Being an expat of any kind always comes with these sorts of challenges. Being a love-pat adds more challenges, on both you and your partner. Guilt over not having a job, and Dennis having to support me often plagues me. Then he feels guilty when he knows I am feeling homesick or lonely. Not having a job, being an introvert and still struggling with the language means I haven’t made many friends here, so apart from Dennis the only people I really interact with are his family, or friends from Australia over the internet. Obviously I miss my own family and friends from back home.
But while there are a lot of very challenging aspects to my expat life, it’s not all doom and gloom, and I think what I’ve gained overshadows what I’ve given up.
What I’ve Gained
3 years of Christmas selfies!
The most obvious answer to what I’ve gained is quite simply, love. As cheesy as it may sound, the reason I moved here, the reason I still live here despite all the struggles and the things I miss, is because of love. Before I met Dennis I had never really been in a ‘serious’ relationship. Of the couple of quasi-relationships I had been in things had never lasted more than about five or six months. Dennis and I have now been together nearly three years and I have never once doubted how I feel about him. It moved pretty fast from us meeting to me moving to another country to live with him, but that was mostly because I had never felt more sure about anything in my life. I have a man who loves me, who constantly reminds me how much he loves me and who I am not afraid to show how much I love him in return. That is something I had never experienced before I met Dennis. He is the only man that I have ever felt completely comfortable around, that I can be completely myself with, and he still loves me. He shows me the kind of unwavering support and affection I had always longed for and he makes me laugh more than anyone I know.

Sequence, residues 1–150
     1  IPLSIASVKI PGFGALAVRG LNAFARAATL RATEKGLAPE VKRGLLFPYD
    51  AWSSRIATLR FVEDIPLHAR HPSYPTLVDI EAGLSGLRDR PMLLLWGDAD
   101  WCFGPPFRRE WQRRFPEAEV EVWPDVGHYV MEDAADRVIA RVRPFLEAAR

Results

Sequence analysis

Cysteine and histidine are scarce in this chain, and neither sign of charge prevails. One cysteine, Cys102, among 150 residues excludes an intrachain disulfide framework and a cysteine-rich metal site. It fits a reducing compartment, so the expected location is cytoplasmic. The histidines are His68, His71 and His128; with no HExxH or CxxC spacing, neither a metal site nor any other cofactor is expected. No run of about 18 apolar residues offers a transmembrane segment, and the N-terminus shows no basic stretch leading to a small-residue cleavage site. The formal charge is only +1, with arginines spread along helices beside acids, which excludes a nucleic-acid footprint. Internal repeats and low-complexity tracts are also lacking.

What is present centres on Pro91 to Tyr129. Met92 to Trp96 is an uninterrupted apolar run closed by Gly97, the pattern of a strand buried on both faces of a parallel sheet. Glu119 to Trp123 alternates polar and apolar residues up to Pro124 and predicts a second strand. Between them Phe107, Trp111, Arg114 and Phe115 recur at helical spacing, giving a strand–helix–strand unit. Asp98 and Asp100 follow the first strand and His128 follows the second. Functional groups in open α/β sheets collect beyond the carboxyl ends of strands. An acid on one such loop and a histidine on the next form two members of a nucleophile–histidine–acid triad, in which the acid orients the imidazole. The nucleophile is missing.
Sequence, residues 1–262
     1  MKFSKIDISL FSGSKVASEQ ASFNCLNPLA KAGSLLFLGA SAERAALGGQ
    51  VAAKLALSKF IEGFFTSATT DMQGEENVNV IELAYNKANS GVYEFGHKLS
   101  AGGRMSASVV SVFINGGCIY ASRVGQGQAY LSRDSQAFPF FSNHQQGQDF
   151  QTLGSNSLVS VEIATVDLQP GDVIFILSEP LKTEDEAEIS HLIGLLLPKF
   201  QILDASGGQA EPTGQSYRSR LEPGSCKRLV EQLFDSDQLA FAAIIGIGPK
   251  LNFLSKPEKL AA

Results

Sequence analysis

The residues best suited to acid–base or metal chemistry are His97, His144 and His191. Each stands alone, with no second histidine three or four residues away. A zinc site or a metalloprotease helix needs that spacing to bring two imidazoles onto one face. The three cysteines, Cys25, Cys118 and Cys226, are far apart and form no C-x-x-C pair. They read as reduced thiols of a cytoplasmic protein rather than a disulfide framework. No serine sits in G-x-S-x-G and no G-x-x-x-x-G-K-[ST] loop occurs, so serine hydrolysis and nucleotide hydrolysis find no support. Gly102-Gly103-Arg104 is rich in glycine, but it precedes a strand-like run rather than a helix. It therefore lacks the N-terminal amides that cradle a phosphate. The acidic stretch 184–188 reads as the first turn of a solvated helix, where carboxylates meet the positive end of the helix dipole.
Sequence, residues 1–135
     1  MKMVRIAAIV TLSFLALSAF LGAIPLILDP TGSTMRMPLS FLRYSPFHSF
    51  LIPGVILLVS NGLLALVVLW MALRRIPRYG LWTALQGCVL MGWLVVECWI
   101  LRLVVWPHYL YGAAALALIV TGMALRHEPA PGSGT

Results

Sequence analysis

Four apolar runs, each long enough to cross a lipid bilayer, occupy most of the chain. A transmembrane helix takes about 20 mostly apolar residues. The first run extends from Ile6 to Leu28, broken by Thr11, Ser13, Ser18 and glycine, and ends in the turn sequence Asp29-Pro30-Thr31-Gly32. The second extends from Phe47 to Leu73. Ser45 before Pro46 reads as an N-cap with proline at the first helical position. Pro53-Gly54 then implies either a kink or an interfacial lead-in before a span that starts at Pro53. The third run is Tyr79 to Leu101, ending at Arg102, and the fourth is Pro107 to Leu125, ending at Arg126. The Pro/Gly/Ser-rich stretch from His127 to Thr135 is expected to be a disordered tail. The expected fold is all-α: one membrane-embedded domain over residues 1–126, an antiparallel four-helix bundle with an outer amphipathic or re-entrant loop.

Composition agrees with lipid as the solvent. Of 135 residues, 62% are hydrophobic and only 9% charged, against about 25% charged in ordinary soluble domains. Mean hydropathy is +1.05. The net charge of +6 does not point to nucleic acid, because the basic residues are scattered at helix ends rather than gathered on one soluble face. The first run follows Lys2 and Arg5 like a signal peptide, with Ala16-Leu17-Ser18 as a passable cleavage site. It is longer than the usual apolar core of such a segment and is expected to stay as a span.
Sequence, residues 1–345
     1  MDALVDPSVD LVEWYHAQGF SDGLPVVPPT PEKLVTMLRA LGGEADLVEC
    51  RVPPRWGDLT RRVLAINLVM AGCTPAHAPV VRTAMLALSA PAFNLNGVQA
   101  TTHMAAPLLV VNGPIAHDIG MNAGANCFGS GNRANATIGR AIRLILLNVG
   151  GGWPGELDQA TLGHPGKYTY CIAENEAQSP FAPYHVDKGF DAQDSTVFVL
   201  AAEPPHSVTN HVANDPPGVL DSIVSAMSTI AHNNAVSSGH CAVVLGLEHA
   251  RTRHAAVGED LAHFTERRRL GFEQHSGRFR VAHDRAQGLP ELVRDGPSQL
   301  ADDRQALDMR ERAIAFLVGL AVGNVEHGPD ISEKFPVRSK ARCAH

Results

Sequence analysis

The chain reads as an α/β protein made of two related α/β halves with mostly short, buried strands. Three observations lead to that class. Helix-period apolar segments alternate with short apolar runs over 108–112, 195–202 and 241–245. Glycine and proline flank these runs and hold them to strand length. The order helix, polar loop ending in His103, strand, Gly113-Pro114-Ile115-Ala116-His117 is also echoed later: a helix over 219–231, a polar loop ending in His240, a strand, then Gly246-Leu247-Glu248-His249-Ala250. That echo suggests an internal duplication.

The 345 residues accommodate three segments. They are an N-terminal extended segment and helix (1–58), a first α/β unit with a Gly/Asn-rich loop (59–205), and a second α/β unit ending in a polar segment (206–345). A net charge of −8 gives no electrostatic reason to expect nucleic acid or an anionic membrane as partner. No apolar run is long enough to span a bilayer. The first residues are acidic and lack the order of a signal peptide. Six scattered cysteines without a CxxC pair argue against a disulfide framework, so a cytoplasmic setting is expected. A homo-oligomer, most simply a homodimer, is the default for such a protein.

Dennis and I with Zaphod the cat
As much as living in the Netherlands has been full of challenges, it has also given me more opportunities to travel than ever before. I have explored far more of the Netherlands than I ever would have if I hadn’t lived here. Most people only ever visit Amsterdam, perhaps the Hague, but I have seen interesting sights all over the country. Being within driving distance of so many European countries is also a novel experience for an Aussie like me! We have driven to Germany and spent four days exploring castles in and around Cochem. Next month we are spending a weekend in Luxembourg and during the summer holidays we are going to visit places in Belgium and France, just by driving. I am always amazed by how close everything is in Europe, and if I wasn’t living here, I wouldn’t have the opportunity to see as much of it as I now can.
My first trip to Amsterdam
While learning Dutch is hard, it’s also something I never would have done if I hadn’t met Dennis. I had always wanted to learn another language, but without the resources or any real need, it hadn’t happened. Now I am learning another language so that I can continue to live here and understand people, and so I can also talk to our future children in Dutch! Not being able to get a teaching job has also meant that I have more time and energy to work on my writing career (and this blog!), something I had always wanted to do seriously. So while there are still struggles, and a long way to go until I am fluent in the language and earning enough money to feel like I am contributing, overall my decision to become a love-pat is probably one of the best decisions I’ve ever made!
Spring picnic selfie
Are you a love-pat too? My fellow love-pat Susan De Vriend is still looking for other love-pats to interview. If you are interested in sharing your own story with her you can find more information here. Tell me in the comments what your biggest love-pat struggles are, and how you’ve overcome them!